Haymarket Riot



    In 1886, Chicago was a struggling, working-class immigrant’s town. Tensions were high between the police and the immigrant neighborhoods, and the city’s merchant elite — people such as George Pullman, Cyrus McCormick Jr., and Marshall Field — often took advantage of workers. In May of that year, a group of revolutionaries decided to organize pre-union protests, calling for the then-unheard-of eight-hour workday and the right to organize. The most famous of these became known as the Haymarket Riots.


    On May 4, 1886, during what had been a peaceful protest, the police and protesters tangled, and someone — to this day no one is sure who — threw a bomb into the crowd, killing several officers and wounding others. Several working-class immigrants associated with the “anarchist” movement were arrested and convicted in a farcical trial. Of the “Haymarket Eight,” as the accused and convicted were known, three were executed, one committed suicide, one was sentenced to fifteen years hard labor, and three were pardoned by Illinois Gov. John Altgeld in 1893, nine years after the riot. It is widely believed that all those convicted were not involved in the manufacture or throwing of the bomb that killed the officers.

    The legacy of the Haymarket Riots is still felt today when union workers strike or in the laws that govern our safety and well-being as employees. Its effects carried to Europe and beyond, and the workers’ rebellious and defiant spirit carries on, though questionably, in the work of the Chicago band Haymarket Riot.

    By choosing a historically charged name in such an ethnically and socio-economically diverse city as Chicago, this band has set itself up for high expectations. Taking its cue from the sounds of punk and the earnest delivery of emo, the band’s second long-player, Mog, is a mix of discordant guitars and dry-cracking drums. The band’s tour history and work ethic would certainly resonate with Haymarket widow and labor activist Lucy Parsons, but it is doubtful she would condone the detached hipster irony that weighs down songs such as “You Might Know Who We R, But We Know Who You R.”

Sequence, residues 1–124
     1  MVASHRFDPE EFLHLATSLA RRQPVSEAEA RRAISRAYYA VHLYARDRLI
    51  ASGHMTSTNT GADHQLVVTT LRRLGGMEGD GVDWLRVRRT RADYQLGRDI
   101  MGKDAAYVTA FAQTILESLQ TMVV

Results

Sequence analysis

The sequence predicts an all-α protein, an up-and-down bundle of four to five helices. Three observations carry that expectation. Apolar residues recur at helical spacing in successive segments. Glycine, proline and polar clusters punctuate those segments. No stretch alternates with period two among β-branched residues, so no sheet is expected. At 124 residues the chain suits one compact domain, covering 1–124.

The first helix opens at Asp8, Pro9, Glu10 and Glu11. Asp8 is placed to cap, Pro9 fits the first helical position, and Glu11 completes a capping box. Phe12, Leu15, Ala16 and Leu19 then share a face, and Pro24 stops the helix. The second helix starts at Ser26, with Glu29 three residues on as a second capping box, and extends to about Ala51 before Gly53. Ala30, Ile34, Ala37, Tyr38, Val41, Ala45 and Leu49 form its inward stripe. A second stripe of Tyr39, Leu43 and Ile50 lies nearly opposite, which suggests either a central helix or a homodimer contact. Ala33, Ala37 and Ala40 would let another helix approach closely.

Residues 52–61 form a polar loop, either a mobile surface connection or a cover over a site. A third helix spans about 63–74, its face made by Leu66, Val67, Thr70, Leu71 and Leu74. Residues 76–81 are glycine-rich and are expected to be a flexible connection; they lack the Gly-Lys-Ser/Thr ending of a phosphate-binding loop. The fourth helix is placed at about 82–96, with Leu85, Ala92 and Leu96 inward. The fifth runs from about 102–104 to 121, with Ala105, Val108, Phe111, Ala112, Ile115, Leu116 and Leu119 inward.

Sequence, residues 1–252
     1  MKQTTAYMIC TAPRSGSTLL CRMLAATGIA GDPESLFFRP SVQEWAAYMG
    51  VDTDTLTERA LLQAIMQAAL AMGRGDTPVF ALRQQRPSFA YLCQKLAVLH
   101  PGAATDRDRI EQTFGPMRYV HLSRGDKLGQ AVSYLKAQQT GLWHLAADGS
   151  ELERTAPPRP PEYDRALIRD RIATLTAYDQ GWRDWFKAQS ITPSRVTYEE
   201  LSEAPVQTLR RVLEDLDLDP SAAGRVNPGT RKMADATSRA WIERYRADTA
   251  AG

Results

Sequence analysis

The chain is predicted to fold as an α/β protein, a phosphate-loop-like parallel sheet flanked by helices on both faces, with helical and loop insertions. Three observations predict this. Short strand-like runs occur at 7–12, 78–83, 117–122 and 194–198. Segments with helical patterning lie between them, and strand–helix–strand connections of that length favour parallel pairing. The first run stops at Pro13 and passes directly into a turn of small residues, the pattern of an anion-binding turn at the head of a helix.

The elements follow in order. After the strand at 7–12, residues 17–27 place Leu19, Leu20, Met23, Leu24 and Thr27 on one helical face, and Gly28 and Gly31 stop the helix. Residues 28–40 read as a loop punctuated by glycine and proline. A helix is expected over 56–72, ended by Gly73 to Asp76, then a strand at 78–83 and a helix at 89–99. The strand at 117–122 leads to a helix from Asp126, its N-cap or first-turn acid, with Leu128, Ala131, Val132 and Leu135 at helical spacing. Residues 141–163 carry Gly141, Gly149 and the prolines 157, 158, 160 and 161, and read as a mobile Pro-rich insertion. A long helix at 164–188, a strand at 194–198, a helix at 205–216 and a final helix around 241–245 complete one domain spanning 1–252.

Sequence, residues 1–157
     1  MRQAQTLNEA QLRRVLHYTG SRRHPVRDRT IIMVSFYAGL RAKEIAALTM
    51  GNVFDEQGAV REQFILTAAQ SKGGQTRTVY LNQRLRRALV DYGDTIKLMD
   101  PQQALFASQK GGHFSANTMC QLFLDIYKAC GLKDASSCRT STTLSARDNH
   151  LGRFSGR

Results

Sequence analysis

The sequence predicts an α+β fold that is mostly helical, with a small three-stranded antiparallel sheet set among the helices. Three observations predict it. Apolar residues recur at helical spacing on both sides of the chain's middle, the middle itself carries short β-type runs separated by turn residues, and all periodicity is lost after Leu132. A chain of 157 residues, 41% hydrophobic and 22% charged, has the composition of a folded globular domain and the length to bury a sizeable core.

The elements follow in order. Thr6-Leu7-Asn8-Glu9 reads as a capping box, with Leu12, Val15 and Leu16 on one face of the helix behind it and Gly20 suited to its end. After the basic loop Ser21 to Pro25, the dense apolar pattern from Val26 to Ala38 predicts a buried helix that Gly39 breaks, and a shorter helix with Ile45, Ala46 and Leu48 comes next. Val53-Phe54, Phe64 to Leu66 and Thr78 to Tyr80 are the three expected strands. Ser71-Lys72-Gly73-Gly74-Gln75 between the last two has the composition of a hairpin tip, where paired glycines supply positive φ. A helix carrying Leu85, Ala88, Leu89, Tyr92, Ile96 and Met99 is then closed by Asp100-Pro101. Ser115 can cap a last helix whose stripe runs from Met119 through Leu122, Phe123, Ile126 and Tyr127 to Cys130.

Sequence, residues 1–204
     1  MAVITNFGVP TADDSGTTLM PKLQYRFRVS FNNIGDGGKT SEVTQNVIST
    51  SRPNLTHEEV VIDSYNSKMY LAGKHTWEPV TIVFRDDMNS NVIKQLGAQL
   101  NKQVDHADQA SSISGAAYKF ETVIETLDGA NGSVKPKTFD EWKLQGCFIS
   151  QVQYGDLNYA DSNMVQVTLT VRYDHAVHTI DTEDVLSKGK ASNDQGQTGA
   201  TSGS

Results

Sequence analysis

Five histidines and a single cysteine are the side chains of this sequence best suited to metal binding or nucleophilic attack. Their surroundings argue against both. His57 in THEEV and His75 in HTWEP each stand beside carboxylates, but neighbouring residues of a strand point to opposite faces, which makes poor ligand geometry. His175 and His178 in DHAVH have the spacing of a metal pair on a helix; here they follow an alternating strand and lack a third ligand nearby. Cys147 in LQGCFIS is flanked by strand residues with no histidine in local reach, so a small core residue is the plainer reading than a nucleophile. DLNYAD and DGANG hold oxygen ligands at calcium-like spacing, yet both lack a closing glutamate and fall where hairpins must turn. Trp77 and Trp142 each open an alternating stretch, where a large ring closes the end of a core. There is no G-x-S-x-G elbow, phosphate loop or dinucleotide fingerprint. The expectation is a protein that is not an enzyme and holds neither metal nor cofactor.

All is not cool irony, though, as the band picks itself up on songs such as “Uneasy Consequence” and “Sleep.” Here, the lyrics intelligently address apathy and the insurmountable tedium of trying to get ahead in this rat race of consumerism. References to modern food conveniences could actually be construed as a statement on the insipid materialism of America. Then again, perhaps that goes too far, considering the average age of audience members for this type of music hovers between 16 and 24 and similar bands such as Jawbox and Alkaline Trio have never really been considered the socio-political-artistic vanguard. For that, turn to Fugazi.

    Mog, the fourteenth overall entry in the band’s catalog, was produced by John Congleton of the Paper Chase and recorded by Steve Albini. And it sounds crisp and distinctive — an Albini trademark. But the question is why the man who gave the Pixies their sound and who ripped our faces off with his wall-of-noise project Big Black would take on a lesser-known project like Haymarket Riot. Perhaps it was their credentials; the band’s members have logged time in Check Engine and Sweep the Leg Johnny. Or maybe he was just bored and needed some quick cash.

    The result is a dual-guitar sound heavy on the high end and a rhythm section more trebly than most prog-rock guitars. Disjointed and angular, this is arguably formulaic pop-punk. More artistic than technical, Mog at times suffers from the “form over content” syndrome but on the whole doesn’t quite become saddled with the “pretentious” curse, either.

    A quick look at the band’s Web site shows furious punk-rock poses and energy leaping from their figures as they play. What you don’t see is how that translates to Mog. Mog is a study in how the punk aesthetic of the ’70s and ’80s has been warped into a lot of moving around on stage and very little real passion in the vocal delivery, regardless of whether the lyrics are passionate subject matter. Ultimately, a band such as Haymarket Riot reinforces the lessons of the protest and riot: What it has gained only serves to show us what has yet to be accomplished.

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